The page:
If this be true, do we not see in the Christian character
that which is fundamental and essential, the germ and center of Christianity? Church government and forms of worship and systems of theology are a part of the necessary adjustment of Christianity to the world; but only in the salvation of the individual soul do we find its true purpose, and witness the manifestation of its highest power Other religions have been. adjusted only to a limited environment. They have met, though only in part, the aspirations of a single race or a single nation or of a series of tribes or peoples, similarly conditioned. Other religions have shown themselves incapable of passing the ethnic or geographical bounds within which they originated, and have failed either to attract or to convert the world. tianity alone is truly catholic, circumscribed in its capability of adjustment to human conditions by no limitations of race or time or physical boundaries. The message that the early Christians transmitted slowly along the great Roman roads is the same as that which to-day speeds over the world with the aid of steam and electricity. The zeal of those days in the spread of the gospel finds a fitting complement in the missionary activity of the present age.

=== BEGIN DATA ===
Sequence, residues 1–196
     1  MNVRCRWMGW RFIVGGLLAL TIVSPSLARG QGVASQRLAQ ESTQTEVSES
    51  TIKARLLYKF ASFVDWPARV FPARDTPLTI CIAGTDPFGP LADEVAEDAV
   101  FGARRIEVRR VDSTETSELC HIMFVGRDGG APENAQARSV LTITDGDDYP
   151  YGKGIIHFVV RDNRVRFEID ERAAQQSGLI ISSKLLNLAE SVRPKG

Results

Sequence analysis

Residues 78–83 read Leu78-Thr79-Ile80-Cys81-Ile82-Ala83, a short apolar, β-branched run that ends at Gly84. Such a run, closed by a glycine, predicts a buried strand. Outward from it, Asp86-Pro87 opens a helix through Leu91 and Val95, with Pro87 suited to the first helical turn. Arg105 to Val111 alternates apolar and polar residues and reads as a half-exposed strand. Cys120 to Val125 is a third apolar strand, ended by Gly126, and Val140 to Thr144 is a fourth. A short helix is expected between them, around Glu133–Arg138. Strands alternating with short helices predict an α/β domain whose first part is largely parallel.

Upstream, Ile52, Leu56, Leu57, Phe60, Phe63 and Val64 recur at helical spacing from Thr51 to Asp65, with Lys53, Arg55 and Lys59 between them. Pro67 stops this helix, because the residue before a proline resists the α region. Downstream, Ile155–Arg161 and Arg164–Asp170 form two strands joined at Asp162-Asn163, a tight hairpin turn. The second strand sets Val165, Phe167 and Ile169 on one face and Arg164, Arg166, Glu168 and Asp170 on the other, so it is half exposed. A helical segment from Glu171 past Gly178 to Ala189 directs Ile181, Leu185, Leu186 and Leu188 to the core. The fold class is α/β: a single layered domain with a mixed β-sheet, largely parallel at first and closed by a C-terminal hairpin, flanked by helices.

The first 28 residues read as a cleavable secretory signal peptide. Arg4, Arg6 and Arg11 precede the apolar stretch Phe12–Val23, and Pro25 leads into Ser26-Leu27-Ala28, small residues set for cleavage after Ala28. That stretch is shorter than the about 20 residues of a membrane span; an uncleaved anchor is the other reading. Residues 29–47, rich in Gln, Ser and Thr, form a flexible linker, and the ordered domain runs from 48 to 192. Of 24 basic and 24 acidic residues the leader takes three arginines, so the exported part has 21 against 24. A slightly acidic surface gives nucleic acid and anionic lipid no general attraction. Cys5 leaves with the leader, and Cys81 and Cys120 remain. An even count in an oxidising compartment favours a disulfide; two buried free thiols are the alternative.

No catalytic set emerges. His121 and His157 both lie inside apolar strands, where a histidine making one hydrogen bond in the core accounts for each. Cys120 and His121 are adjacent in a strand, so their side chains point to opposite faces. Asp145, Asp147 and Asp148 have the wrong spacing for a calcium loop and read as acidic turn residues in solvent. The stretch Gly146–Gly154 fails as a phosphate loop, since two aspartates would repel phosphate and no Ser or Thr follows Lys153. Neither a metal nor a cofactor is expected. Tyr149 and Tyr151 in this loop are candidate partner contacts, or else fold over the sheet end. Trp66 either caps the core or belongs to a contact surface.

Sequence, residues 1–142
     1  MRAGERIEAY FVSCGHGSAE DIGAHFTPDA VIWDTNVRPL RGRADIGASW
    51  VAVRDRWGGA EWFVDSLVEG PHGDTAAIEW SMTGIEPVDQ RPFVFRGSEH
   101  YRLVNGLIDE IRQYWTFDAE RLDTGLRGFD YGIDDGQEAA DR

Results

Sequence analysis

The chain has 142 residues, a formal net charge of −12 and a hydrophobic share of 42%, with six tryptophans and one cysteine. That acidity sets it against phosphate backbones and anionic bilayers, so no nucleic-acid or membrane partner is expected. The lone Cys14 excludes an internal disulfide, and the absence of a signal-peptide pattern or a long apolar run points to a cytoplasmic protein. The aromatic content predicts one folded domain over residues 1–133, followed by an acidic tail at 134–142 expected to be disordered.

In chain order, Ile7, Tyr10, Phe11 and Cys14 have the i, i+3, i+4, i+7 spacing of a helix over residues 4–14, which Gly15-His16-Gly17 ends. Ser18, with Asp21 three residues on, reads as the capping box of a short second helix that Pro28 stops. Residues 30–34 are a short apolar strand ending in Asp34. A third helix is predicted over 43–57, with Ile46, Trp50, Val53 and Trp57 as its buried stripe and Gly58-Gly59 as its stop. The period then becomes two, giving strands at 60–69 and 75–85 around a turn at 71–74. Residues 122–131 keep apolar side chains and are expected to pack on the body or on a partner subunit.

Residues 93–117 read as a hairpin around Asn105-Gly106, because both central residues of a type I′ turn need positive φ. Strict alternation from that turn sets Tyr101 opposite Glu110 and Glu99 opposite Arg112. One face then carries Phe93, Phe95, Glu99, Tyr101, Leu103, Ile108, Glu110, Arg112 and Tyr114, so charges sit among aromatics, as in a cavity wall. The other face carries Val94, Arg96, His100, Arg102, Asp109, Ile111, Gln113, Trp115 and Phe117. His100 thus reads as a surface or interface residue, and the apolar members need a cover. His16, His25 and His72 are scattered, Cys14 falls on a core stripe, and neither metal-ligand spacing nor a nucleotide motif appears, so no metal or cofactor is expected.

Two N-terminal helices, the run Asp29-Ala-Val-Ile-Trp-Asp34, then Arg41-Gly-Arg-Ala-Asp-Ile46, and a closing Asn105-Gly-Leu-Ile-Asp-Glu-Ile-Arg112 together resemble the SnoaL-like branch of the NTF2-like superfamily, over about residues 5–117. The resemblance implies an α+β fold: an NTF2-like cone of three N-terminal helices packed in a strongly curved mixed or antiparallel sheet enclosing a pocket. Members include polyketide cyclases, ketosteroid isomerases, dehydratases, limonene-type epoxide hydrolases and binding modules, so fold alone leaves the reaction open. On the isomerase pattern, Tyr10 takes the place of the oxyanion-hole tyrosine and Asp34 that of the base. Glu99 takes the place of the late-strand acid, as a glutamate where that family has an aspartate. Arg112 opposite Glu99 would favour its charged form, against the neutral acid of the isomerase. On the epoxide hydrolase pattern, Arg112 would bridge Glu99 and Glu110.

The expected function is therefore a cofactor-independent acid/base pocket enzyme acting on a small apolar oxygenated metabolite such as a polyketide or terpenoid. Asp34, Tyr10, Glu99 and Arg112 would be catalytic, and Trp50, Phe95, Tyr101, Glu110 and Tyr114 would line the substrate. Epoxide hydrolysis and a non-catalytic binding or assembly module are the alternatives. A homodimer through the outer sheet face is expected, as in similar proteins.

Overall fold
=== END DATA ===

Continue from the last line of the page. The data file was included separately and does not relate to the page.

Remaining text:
Why Christianity has appealed to the individual life, and through it has influenced the world, is not far to seek. pletely meets the needs of man's religious nature. redemption from sin, which he has found nowhere else. It sets before him moral perfection as an ideal, and presents a perfect life as model. It stimulates the intellectual life: 'Prove all things,' it says, 'hold fast to that which is good.' It enjoins the care of the body as 'the temple of the Holy Ghost.' Even the appreciation of the beautiful in our earthly life received the sanction of Christ; who can read what He said of the lilies of the field and not feel that for all time He has bidden men